[WASHINGTON, DC] – The United States Senate today approved a comprehensive immigration reform bill. The bill balances enforcement – stronger border security, tougher sanctions on employers who knowingly hire undocumented immigrants – with provisions allowing undocumented immigrants who work hard and play by the rules to earn their way to legal status. The Senate approved the legislation by a vote of 62 to 36.

 

U.S. Sen. Dick Durbin (D-IL) said that while the bill was not perfect, it was a compromise worthy of support. “If we want to address the problem of illegal immigration effectively, we must take a comprehensive approach. We must strengthen border security, improve enforcement of our immigration laws, and deal with the approximately 12 million undocumented immigrants who are in the United States today. In the final analysis, this bill achieves these goals.”

 

Durbin was the author of several key provisions of the immigration bill including:

 

  • an amendment eliminating legislative language that would have criminalized nurses, volunteers and people of faith who provide humanitarian assistance to undocumented immigrants;
  • the DREAM Act, a narrowly tailored, bipartisan measure that would permit a select group of undocumented students to earn their way to citizenship if they came here as children;
  • the addition of 2,000 Department of Labor investigators to ensure that companies obey the law on guest workers; and
  • a program to address the increasing migration of health workers from the poorest countries in the world. This “brain drain” is considered the single biggest obstacle to fighting HIV/AIDS in Africa.

 

Criminalization provisions

 

In recent months, churches, charities and community organizations in Illinois and across the country have expressed serious concern over language in immigration legislation being considered by the Senate that could criminalize their humanitarian assistance to immigrants in need.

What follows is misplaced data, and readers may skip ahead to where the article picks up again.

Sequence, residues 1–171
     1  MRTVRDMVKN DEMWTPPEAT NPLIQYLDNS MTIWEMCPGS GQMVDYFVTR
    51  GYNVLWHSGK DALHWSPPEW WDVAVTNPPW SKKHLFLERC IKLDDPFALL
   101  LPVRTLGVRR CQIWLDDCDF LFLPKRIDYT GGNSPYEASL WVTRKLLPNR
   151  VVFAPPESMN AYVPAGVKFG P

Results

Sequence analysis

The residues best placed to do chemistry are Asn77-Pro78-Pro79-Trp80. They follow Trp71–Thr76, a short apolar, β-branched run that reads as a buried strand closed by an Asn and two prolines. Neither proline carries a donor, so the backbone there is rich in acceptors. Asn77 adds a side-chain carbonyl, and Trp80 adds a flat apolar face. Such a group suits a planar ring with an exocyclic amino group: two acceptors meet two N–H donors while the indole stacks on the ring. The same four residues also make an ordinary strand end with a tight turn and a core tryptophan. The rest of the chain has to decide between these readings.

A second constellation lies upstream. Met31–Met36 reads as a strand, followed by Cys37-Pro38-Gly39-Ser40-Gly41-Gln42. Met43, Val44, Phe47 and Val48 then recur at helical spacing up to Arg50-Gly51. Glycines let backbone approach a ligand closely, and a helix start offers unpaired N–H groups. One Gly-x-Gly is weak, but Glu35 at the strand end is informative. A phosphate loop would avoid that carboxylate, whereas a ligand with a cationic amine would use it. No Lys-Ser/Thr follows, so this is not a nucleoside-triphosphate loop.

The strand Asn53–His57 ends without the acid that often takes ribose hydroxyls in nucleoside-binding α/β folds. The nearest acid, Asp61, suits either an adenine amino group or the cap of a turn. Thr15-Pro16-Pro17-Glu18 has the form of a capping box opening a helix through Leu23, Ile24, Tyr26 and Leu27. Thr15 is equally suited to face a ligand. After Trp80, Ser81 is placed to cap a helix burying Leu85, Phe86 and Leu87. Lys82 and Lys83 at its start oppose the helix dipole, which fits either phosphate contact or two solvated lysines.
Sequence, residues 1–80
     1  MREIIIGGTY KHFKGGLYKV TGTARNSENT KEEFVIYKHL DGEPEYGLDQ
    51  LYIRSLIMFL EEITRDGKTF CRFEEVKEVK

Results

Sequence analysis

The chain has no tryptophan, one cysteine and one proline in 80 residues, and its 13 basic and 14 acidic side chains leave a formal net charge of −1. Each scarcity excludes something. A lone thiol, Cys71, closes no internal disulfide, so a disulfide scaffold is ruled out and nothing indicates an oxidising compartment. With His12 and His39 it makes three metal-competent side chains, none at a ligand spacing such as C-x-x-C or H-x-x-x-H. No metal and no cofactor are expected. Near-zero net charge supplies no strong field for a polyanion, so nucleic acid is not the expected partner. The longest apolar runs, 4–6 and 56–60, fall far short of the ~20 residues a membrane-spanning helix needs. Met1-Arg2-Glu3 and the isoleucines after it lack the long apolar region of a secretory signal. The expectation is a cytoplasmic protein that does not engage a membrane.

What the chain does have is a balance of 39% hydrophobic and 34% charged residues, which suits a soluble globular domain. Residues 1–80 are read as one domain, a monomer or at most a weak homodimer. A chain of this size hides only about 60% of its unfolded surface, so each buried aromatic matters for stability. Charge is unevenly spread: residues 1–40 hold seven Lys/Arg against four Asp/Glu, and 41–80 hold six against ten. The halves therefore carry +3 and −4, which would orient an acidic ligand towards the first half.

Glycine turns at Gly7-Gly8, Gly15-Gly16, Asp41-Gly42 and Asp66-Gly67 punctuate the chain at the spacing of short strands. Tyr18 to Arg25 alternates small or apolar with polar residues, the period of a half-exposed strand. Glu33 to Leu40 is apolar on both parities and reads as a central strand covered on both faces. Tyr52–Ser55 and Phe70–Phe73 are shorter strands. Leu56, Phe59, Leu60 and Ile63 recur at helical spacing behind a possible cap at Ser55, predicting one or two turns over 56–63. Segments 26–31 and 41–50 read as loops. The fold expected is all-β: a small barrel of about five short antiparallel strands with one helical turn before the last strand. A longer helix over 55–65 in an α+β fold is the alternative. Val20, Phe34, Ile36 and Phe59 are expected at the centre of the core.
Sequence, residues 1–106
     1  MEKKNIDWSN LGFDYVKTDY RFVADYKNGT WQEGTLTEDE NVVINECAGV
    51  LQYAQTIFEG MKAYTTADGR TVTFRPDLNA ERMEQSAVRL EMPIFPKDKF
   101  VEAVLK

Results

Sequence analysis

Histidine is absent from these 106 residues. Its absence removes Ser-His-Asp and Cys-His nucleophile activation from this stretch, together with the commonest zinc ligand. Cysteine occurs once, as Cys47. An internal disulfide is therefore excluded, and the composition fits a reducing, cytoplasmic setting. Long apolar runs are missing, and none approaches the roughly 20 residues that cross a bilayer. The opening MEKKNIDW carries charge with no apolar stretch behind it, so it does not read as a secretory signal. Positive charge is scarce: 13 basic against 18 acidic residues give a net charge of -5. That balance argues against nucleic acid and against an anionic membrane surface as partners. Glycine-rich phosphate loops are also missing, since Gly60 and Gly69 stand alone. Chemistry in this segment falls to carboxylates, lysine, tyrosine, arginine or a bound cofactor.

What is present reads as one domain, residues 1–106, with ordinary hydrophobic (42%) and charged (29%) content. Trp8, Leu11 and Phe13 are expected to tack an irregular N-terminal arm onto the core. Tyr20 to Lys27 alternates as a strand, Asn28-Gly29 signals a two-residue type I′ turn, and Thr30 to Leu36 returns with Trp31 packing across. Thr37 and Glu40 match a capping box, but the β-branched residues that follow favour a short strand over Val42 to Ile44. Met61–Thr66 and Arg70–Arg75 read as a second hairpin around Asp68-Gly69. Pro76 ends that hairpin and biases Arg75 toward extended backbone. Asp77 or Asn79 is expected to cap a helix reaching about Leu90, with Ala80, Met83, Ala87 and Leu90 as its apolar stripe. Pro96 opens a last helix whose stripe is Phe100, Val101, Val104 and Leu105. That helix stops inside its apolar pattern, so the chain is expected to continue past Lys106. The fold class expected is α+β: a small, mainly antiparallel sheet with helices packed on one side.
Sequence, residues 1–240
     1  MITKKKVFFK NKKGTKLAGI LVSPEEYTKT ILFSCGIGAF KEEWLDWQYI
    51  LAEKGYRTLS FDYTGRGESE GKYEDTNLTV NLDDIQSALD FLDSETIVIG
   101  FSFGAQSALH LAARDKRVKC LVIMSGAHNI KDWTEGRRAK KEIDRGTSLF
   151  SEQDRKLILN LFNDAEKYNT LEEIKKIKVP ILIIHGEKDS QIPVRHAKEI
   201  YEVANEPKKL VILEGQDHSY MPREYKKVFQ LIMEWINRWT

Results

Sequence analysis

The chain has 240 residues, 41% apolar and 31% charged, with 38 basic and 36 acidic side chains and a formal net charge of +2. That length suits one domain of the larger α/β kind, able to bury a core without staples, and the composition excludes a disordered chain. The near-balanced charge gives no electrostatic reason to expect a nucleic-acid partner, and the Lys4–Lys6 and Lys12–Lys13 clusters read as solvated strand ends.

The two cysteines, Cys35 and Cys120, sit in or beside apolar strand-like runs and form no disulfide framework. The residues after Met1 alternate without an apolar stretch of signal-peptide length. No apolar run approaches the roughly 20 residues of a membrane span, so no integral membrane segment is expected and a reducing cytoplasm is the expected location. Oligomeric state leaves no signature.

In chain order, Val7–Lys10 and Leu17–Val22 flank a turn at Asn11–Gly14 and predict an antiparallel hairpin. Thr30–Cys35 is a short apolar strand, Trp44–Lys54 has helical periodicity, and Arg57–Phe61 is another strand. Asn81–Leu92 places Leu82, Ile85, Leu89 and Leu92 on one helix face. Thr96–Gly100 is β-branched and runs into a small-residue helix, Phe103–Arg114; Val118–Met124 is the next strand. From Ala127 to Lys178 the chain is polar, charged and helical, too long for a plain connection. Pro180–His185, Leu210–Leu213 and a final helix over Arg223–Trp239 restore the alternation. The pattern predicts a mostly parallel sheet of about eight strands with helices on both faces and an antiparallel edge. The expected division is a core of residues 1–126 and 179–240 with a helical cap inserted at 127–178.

Durbin said that while the original bill included an exception for humanitarian assistance, the exception only protected individuals, not organizations, such as churches, hospitals, or schools. Furthermore, the exception only applied to aid provided in emergency situations and aid given without compensation.

 

“Charitable organizations should be able to provide humanitarian assistance to immigrants without fearing prosecution,” said Durbin. “A domestic violence shelter should not be forced to decide whether the government would regard a situation as ‘an emergency’ before they protect a battered mother and her children. A non-profit hospital should not be required to provide medical care without compensation in order to avoid criminal prosecution.”

 

DREAM Act

 

This legislation also includes the DREAM Act, a narrowly tailored, bipartisan measure that Durbin sponsored with Senator Chuck Hagel (R-NE) and Senator Dick Lugar (R-IN). The DREAM Act would permit undocumented students to become permanent residents if they came here as children, are long-term U.S. residents, have good moral character, and attend college or enlist in the military for at least two years.

 

“Our immigration laws prevent thousands of young people from pursuing their dreams and fully contributing to our nation’s future. These young people have lived in this country for most of their lives. It is the only home they know. They are American in every sense except their technical legal status,” said Durbin. “They are honor roll students, star athletes, talented artists and valedictorians. These children are tomorrow’s doctors, nurses, teachers, policemen, firefighters, soldiers, and senators.”

 

Brain Drain

 

Under Durbin’s amendment, those applying for legal status to work as health professionals in America must answer whether they signed a bond or made a promise to work in their home country in exchange for educational support. If the answer is yes, they must fulfill that commitment before being allowed to work in the U.S.

 

Additionally, the amendment would allow legal permanent resident doctors and nurses to travel to developing countries to assist with health emergencies without jeopardizing their own immigration status in the U.S.

 

“We must find a way to allow immigrants to make a difference in global health crises without sacrificing their own American dreams. America is a land of opportunity; it is also a land of compassion. Any comprehensive immigration reform must reflect both,” Durbin said.

 

Department of Labor Inspectors

 

At Durbin’s request, the comprehensive legislation included an additional 2,000 Department of Labor investigators to ensure that companies obey the law on guest workers.

 

Durbin cautioned that the fight for comprehensive immigration reform was far from over.

 

“Today is a historic day in the United States Senate, but there is still one more bridge to cross in order to enact comprehensive immigration reform. We must reconcile this bill, which takes a comprehensive approach, with the enforcement-only legislation passed by the Republican-controlled House of Representatives. The President says he supports comprehensive reform. Now he must exercise his leadership to make it a reality.”

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